Location: Russia. (St. Petersburg, Moscow, Yeketerinburg (Sverdlovsk),Novosbirsk, Krasnoyarsk, Irkutsk, Lake Baikal, Ulan-Ude)
Photos: 32 available in format: JPG .
A selection of photos taken on a trip trough Russia in 2002. I embarked on this trip with my friend Alex, starting in our hometown Bodø, Northern-Norway. Our goal was to at least reach Beijing, by using trains, busses etc, however no air-travel.
We went through Norway and Sweden by bus. Then the short ferry trip from Umeå in Sweden to Vaasa in Finland. Vaasa to Helsinki by train. Helsinki to St.Petersburg with train. St.Petersburg-Moscow by train. From the capitol we embarked east on the transsibirian train, and had stopovers in: Yeketerinburg (Sverdlovsk), Novosibirsk, Krasnoyarsk, Irkutsk, Ulan-Ude and the scenic Lake Baikal. From Ulan-Ude we got the last possible bus to the border of Mongolia, before our Russian visas were expiring. We had originally booked train tickets to the border, however the nightlife scene in Ulan-Ude was so hard, that we managed to miss 2 trains over a period of 2 days, therefore the only choice was bus. On the Russia-Mongolia border we realized that the crossing couldn’t be done by foot, so we had to hitchhike our way to the next country. After having enjoyed the Gobi desert and fine Airag (Fermented Mare’s Milk) for a while in Mongolia we found the way to Beijing, where me and Alex parted our separate ways. I continued the long way to Indonesia by land/sea before ending my journey.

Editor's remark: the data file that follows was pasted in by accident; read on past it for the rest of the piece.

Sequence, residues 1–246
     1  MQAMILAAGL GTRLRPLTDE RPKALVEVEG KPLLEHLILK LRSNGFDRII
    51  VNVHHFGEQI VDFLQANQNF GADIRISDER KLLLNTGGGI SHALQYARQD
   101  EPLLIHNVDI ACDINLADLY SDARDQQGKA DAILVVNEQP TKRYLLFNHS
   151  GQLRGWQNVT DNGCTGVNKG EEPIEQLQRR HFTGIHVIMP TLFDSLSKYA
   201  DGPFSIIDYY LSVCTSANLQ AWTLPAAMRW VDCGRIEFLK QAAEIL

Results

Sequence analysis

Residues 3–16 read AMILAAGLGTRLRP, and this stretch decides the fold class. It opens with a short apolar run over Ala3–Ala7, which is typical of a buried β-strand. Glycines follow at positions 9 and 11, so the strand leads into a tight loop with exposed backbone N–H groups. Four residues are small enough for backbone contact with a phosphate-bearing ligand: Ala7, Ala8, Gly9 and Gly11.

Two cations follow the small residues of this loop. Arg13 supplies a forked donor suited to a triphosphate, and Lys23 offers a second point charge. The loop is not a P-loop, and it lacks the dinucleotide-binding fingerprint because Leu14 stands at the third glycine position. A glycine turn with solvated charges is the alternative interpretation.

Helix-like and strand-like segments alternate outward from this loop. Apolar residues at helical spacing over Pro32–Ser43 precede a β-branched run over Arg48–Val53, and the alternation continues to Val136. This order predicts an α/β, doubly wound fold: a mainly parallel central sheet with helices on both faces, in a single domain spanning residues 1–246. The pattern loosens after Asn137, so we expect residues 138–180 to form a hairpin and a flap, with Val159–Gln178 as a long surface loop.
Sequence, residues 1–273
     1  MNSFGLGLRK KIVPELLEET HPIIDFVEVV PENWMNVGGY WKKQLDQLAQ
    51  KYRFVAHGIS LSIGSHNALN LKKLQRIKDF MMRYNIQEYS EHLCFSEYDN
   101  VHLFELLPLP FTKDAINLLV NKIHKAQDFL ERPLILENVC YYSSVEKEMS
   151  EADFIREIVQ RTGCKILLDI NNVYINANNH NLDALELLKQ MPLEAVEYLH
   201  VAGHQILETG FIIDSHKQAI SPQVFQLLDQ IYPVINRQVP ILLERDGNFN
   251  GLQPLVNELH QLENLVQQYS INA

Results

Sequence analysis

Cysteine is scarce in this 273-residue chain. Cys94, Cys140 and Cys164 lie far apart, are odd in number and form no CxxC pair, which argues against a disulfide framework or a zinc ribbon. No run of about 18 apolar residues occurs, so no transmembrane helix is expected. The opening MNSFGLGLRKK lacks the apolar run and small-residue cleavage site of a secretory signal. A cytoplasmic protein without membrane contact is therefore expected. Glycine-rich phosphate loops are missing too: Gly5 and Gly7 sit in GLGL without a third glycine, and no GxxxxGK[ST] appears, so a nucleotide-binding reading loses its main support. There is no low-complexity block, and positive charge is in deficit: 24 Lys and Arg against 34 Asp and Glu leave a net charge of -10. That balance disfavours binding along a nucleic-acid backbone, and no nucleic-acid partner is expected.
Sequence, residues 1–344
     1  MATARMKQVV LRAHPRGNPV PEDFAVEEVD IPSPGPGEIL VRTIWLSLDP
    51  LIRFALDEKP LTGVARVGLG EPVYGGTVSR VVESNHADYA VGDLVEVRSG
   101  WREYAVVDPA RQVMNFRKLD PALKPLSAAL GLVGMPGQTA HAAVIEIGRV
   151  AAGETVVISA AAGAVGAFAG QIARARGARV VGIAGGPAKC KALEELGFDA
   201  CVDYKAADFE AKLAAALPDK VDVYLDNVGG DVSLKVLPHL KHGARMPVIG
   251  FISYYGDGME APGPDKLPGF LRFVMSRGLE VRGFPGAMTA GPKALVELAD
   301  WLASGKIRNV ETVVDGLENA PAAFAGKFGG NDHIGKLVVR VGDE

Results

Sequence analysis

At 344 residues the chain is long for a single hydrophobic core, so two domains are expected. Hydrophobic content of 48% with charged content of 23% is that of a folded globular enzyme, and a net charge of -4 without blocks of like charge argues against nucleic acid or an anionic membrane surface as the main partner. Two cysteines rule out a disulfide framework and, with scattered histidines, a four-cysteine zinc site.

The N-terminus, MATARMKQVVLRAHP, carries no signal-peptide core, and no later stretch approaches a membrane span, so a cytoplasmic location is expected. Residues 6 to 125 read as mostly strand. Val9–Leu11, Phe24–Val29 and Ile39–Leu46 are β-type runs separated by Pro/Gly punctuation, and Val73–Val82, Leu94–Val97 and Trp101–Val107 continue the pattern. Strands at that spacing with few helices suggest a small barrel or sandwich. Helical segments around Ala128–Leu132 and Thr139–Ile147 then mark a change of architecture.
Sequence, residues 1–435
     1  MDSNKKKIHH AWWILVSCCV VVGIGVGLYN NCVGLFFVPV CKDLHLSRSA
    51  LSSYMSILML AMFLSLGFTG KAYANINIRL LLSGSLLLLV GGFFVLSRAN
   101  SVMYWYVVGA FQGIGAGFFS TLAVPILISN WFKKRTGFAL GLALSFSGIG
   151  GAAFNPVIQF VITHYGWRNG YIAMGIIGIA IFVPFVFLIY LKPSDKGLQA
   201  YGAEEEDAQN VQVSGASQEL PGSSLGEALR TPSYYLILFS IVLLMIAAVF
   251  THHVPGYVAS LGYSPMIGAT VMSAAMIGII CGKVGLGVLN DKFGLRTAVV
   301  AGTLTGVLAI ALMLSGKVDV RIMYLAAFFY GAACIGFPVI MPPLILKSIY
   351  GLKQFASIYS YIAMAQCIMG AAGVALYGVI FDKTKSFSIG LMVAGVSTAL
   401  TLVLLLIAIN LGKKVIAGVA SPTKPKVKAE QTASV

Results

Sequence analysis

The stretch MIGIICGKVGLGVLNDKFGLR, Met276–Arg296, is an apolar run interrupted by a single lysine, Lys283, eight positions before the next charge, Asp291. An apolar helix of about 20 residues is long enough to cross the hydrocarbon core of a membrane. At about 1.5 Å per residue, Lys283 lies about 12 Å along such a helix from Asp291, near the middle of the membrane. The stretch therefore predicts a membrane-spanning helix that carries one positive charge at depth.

Having said this, I must confess that we didn’t fulfill our promise of only using land-travel during the trip. In Krasnoyarsk we became too much amused by the name of the local regional airline “Kras-air”, that ironically was pronounced almost like “Crash-air” in Russian. We had to take a ride on a Kras-air flight, so we bought our tickets – flying from Krasnoyarsk to Irkutsk. At the airport the flight was delayed and it wasn’t before the pilot showed up that we could see why the delay had taken place: the pilot had the looks like he was experiencing a fierce hangover. Whatever the pilots shape and his hangover, he got the Tupolev 134A aircraft airborne. It wasn’t before we were going to land in Irkutsk that we had our biggest thrill on the flight, the pilot could not find the airport because of the morning fog that often accumulates at Irkutsk airport. We made 2 or 3 attempts. I can remember the last attempt very clearly, because from my window seat I could see the airport far away on the right side, and we were maybe only a few hundreds feed above the forested tundra. The pilot gave up and increased altitude again. After 10-15minutes we realized that we were not descending to make another attempt on finding the runway. We tried to talk to the only steward on the plane that we could see, he was sleeping in a seat. When we tried to wake him up he mumbled something in Russian that we could not make sense of. Anyhow, we had re-routed to Ulan-Ude. After arrival in Ulan-Ude, we were quite shaky from the experience and requested Kras-air to withdraw our luggage from the airplane so we could be spared from another attempt to land in Irkutsk. Not possible we were told. Our flight to Irkutsk came up after an hour of waiting, and by the grace of Kras-air we arrived in Irkutsk. Kras-air-style. I attached a photo of the airplane somewhere under.